Companies to create smart microgrid using Internet of Energy platform
DNV GL, Group Nire and Geli (Growing Energy Labs, Inc.), will produce and operate an Internet of Energy (IoEn) platform designed to integrate and manage up to 100 distributed energy resources (DER) in an effort to help improve the U.S. electrical grid's efficiency and reliability.
DNV GL, Group Nire and Geli (Growing Energy Labs, Inc.), will produce and operate an Internet of Energy (IoEn) platform integrating the management of up to 100 distributed energy resources (DER). The project, which is financed through a grant from the U.S. Department of Energy (DoE), is one of 12 projects in the Network Optimized Distributed Energy Systems (NODES) program. The goal of the program is to accelerate technologies that improve the U.S. electrical grid’s efficiency and reliability. An increased number and types of electricity sources creates additional need for smart grid applications to monitor and control electricity flow.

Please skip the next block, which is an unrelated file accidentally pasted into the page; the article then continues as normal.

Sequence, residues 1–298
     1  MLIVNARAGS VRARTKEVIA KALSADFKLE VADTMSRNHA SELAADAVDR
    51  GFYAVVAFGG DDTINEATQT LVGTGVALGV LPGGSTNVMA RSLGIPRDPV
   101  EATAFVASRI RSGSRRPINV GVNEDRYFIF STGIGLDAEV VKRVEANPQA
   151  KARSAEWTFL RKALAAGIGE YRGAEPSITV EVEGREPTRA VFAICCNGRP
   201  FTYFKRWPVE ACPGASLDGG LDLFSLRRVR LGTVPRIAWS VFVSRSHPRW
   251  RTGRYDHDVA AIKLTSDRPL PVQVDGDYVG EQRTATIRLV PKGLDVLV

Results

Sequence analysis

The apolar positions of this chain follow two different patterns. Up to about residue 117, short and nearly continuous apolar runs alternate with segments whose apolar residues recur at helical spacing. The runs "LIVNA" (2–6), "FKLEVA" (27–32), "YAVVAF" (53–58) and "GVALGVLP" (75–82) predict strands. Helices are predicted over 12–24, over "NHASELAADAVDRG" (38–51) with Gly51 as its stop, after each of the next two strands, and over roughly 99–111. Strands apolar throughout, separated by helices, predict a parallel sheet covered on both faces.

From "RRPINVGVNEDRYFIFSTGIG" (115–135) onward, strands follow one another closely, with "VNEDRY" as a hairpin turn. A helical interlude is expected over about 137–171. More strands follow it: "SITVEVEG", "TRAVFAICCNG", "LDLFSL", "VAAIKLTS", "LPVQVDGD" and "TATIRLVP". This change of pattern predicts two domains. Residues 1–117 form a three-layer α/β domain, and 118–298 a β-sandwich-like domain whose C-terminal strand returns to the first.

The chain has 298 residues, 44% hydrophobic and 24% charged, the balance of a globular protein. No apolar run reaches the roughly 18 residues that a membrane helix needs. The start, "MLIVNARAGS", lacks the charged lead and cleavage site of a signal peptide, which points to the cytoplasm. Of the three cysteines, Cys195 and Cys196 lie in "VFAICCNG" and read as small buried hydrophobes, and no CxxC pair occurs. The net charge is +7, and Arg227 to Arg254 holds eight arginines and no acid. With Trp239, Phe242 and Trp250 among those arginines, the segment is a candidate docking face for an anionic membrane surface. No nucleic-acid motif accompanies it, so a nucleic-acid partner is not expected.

The IoEn project will be deployed at Group Nire’s utility-connected microgrid test facility in Lubbock, Texas, where it will be integrated with local utility monitoring, control and data acquisition systems to demonstrate advanced management of up to 100 disparate distributed energy resources using Geli’s "Internet of Energy" software. The Internet of Energy platform will simultaneously manage both market level regulation and distribution system support functions to facilitate large-scale integration of renewable generation onto the grid. The platform will demonstrate a scalable approach for the fast registration and automated dispatch of DERs by combining DNV GL’s power system simulation tools and independent third-party validation with Geli’s networking, control, and market balancing software.
The project will continue adding complexity, inviting participation by multiple makers of dozens of disparate resources and technologies, until it encompasses up to 100 resources. Resources will include load, generation and storage assets such as residential batteries, electric vehicles, controllable HVAC systems, water heaters and LED lighting controls.
– Edited from a DNV GL press release by CFE Media. See more Control Engineering energy and power stories.